25 PEACE BUILDING EFFORTS AND ACTORS MALINO II Peace Agreement : -Religious leaders were not consulted -Considered important peace agreement: strong political to reduce violence -Established two joint commissions: 1. monitor law and order, 2. oversee social and economic conditions, but poorly implemented -Any acts of violence treated as crimes and subject to the legal process (law enforcement) -Peace remains fragile; the root causes of conflict were not addressed and new grievances have emerged.

26 PEACE BUILDING EFFORTS AND ACTORS POST - MALINO II PEACE AGREEMENT: Government Initiatives: rehabilitation and reconstruction of Maluku and North Maluku by the Presidential Instruction No.6 21 Sept 2003 ( USD 130,6 million plus USD 26,9 million for IDP-related activities would be allocated in2005); lack of accountability and transparency, misuse/corruption Internally displaced persons, problems in delivering aid to IDPs: to lack of reliable data and information, corruption in funds management.

27 PEACE BUILDING EFFORTS AND ACTORS Divisions and creation of new provinces, districts and sub-districts (Local Autonomy Law, 1999)helped decrease violent conflict Law enforcement: some key figures from both groups were brought to trial, suspected members of local terrorist groups/militia were arrested Civil society played role to restore social cohesion between religious groups, interfaith organizations encouraged interfaith dialogue and promoted interaction between Christians and Muslims.

28 PEACE BUILDING EFFORTS AND ACTORS International NGOs more active in reconciliation activities, especially with IDPs but limited success due to lack of experience of their local NGOs partner Peace Education by UNICEF : - With GoI supported local education department developed joint peace education/psychosocial curriculum adapted to local context in Maluku and North Maluku - Developed a syllabus for teachers in 2004, mainstreaming peace education into 4 subjects for senior high school students - Training 40 teachers from10 schools using this syllabus - Joint UNICEF-UNESCO website on peace education in 2004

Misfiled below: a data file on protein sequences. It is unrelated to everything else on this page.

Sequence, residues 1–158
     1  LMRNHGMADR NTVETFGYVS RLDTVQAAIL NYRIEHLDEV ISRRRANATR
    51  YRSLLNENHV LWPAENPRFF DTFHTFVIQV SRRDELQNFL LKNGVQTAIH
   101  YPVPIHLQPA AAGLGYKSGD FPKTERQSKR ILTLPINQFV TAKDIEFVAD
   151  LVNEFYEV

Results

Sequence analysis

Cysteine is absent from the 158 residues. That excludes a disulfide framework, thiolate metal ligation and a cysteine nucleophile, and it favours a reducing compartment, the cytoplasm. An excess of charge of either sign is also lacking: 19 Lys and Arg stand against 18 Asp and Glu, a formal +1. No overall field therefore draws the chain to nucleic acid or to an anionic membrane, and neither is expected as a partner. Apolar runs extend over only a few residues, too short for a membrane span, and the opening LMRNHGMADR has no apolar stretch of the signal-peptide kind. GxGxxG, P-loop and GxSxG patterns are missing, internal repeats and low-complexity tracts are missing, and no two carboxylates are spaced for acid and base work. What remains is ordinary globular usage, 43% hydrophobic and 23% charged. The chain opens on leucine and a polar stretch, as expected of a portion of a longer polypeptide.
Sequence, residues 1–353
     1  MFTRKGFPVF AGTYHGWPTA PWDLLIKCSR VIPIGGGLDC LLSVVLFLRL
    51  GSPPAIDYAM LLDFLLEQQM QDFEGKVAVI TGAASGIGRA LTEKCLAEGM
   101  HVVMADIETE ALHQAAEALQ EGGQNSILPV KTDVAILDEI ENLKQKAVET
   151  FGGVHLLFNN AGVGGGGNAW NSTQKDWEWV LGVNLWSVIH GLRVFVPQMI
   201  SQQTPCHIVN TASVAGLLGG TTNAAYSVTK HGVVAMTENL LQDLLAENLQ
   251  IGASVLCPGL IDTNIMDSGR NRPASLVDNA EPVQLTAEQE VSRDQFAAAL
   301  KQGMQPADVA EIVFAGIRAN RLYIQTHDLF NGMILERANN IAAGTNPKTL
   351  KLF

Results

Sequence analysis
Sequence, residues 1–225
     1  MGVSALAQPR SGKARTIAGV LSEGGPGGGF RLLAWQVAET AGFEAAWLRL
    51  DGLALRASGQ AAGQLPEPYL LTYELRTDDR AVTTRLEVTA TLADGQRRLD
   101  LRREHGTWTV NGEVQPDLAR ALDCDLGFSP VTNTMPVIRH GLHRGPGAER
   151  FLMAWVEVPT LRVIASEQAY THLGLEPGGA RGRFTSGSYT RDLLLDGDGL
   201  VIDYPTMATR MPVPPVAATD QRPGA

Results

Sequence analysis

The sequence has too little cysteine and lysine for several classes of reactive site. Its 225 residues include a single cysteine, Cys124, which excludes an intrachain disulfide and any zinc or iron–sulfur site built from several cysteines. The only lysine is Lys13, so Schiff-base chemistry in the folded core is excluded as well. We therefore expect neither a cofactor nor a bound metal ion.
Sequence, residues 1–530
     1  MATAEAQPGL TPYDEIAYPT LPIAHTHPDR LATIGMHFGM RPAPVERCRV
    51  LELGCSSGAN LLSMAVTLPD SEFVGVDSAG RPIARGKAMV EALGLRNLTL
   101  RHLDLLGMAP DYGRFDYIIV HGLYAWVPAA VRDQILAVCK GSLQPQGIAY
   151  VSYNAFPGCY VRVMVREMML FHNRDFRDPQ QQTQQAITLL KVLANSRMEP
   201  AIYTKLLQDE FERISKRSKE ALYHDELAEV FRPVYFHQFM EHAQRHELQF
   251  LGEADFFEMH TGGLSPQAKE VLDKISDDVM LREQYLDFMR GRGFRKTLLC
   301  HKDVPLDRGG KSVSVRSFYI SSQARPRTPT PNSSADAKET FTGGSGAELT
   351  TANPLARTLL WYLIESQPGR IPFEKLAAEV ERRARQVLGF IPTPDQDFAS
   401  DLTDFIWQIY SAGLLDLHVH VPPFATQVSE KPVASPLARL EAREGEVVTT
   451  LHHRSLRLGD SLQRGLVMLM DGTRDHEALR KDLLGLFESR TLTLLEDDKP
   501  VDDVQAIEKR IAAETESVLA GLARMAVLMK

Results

29 PEACE BUILDING EFFORTS AND ACTORS - Peace building & reconciliation events: sports for peace, science exhibition, commemorate International Day of Peace in Revitalisation of adat: customary laws, unwritten traditional code regulating social, political and economic activity and resolution of disputes. Many donors and INGOs left Maluku after tsunami in Aceh, Dec 2004 and earthquake in Yogyakarta, 2005; local NGOs difficult to access funds for post-conflict recovery inc.peace building programs.

30 CHALLENGES IN CONFLICT TRANSFORMATION IN MALUKU Structural problems are not handle properly: Segregation of Christian and Muslim communities, land and property disputes among IDPs, religiously divided NGOs, unemployment, increased migration from Java. Local government has not succeeded in developing policies to deal with the structural problems

31 CONFLICT HAPPEN AGAIN IN AMBON in September 11, 2011 Because of the unresolved the roots of the problems, potential conflict is still remaining in Maluku Communal conflict happen again in Ambon in 11 September Data per Sept 12, 2011: 5 died, 184 injured and hospitalized, 70 houses burnt, 5 cars and 5 motorcycles destroyed/burnt Impact of NGOs’ work: more resilient communities, more community awareness, not easily to trust rumors, interfaith groups play roles as “peace provocateurs”.